The first step in creating an energy efficient design is to perform a thorough analysis of the hospital’s goals and functions. Conducting programming sessions with staff and facilities personnel will shed crucial light on typical building operations and expectations for the new facility. The next step is to research all applicable national and local codes and standards; foremost of those for healthcare facilities are NFPA and ASHRAE standards and the American Institute of Architects/Facility Guidelines Institute (AIA/FGI) guidelines. ASHRAE 90.1 and ASHRAE 170, new this year, will play a leading role in any hospital’s design. In addition, knowing the local codes and understanding their intent, and identifying the expectations and current interpretations of the authorities having jurisdiction (AHJ) are also key steps in the planning process.
For example, the lighting requirements of ASHRAE 90.1 standard for energy efficiency can be met with either prescriptive space-by-space or building-wide calculations, the latter of which sets the threshold for hospital lighting density to 1.2-W/sq-ft. Reconciling energy efficiency with the high illumination guidelines of the Illuminating Engineering Society of North America (IESNA), which asks for as much as 50-foot-candles at each office desk or 30-foot-candles in hallway areas, can be challenging.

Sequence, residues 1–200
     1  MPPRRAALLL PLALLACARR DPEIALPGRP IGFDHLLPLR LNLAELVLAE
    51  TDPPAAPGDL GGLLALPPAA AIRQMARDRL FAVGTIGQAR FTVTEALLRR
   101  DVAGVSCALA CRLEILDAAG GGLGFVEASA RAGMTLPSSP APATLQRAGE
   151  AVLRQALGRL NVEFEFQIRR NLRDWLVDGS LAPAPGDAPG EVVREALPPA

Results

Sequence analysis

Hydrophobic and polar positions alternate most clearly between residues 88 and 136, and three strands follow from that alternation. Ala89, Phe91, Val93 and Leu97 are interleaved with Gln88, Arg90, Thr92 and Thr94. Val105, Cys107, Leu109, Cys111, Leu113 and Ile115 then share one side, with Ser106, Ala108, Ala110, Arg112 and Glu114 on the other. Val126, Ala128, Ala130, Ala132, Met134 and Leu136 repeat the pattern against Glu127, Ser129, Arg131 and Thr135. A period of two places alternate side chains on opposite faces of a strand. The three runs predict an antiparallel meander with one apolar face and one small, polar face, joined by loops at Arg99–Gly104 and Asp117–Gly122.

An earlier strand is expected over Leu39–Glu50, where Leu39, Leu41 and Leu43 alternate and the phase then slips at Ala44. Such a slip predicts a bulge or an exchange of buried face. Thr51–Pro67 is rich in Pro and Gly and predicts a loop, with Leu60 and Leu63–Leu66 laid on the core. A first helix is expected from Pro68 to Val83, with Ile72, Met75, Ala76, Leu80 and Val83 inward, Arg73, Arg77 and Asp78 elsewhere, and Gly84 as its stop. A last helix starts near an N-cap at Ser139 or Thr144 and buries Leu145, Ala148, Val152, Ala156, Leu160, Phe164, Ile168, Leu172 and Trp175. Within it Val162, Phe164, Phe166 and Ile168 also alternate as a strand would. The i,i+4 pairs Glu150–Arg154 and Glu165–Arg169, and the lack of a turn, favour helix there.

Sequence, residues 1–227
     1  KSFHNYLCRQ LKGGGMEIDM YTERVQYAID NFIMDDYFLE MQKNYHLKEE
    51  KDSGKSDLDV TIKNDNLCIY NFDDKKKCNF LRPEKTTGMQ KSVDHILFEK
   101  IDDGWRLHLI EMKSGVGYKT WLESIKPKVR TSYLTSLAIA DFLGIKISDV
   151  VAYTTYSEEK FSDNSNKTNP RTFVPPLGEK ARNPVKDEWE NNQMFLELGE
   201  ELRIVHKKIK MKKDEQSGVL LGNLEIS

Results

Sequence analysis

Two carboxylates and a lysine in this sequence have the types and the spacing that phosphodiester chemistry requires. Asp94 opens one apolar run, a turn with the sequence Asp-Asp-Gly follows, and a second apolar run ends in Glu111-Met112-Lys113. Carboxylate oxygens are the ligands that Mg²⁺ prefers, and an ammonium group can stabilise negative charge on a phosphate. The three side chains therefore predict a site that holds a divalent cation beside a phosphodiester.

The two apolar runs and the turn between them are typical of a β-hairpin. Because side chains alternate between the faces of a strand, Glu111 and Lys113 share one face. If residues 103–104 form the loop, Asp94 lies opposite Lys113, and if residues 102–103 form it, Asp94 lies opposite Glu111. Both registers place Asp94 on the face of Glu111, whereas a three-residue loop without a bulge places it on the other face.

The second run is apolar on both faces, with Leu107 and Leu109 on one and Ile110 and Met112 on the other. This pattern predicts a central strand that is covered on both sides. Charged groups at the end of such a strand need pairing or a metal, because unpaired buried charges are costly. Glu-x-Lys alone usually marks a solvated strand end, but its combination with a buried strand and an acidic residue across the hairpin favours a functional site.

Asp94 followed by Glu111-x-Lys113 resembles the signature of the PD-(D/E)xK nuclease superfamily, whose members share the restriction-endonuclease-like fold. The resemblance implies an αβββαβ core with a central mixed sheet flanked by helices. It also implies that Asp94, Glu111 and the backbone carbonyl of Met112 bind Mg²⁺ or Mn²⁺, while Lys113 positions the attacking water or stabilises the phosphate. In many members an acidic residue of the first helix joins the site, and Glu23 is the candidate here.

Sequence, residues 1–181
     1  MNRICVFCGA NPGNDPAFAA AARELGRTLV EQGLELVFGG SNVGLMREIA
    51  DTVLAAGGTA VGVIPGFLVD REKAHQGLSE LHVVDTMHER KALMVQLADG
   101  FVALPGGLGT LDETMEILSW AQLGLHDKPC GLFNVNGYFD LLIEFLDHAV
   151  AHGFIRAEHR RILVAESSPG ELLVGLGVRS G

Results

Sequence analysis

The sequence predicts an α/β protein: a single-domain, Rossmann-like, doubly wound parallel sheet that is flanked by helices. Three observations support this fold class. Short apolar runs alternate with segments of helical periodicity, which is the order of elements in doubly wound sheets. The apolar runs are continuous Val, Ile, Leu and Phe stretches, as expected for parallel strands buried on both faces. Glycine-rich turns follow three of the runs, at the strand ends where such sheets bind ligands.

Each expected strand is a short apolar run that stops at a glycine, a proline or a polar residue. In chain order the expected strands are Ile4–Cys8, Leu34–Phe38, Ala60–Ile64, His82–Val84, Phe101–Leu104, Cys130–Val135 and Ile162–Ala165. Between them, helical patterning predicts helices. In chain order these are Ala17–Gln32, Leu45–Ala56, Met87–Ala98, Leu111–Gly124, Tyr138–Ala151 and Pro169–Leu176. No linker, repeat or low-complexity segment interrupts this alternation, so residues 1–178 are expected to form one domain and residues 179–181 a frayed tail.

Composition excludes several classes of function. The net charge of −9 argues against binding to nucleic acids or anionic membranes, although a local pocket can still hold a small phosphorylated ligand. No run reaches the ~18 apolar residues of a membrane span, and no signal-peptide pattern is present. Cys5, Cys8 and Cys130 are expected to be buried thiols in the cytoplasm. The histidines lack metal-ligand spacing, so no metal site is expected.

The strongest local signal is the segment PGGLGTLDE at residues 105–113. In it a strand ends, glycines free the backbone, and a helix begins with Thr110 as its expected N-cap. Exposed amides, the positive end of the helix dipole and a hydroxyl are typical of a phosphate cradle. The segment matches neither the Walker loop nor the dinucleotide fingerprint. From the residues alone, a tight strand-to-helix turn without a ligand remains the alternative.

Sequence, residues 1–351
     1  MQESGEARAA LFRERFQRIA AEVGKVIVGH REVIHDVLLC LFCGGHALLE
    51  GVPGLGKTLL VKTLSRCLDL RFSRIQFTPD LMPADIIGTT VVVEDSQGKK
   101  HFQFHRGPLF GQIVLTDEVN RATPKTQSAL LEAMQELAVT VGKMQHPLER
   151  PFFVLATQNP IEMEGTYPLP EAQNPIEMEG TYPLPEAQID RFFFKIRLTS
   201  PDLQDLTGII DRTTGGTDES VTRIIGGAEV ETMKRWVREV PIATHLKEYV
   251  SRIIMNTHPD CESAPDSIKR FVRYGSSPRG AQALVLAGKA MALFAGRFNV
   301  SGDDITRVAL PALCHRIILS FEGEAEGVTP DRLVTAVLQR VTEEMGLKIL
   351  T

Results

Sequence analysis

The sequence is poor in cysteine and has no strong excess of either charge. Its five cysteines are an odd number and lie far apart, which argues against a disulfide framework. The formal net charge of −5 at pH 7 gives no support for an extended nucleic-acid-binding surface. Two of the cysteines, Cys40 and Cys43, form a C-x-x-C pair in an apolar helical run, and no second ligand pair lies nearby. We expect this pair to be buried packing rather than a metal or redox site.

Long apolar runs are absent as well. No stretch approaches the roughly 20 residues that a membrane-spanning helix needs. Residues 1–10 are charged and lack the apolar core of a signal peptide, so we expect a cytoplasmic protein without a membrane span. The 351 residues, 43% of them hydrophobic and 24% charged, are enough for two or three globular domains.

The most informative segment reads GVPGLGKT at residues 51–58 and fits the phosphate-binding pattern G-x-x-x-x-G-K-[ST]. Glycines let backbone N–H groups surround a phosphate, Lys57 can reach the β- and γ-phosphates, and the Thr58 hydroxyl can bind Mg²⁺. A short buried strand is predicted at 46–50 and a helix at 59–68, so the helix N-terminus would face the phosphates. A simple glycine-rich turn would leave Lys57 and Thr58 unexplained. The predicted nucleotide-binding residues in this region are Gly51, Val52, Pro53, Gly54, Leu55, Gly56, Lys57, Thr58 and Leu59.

ASHRAE standard 170 will be the first national standard to specifically deal with hospital ventilation and infection control. Addressing healthcare systems optimization, ASHRAE 170 is expected to push the envelope toward sustainable design, aligning itself with greener practices while maintaining patient comfort and safety and increasing infection control. As this emerging standard is applied over the next few years, its role in healthcare design will become more clearly defined.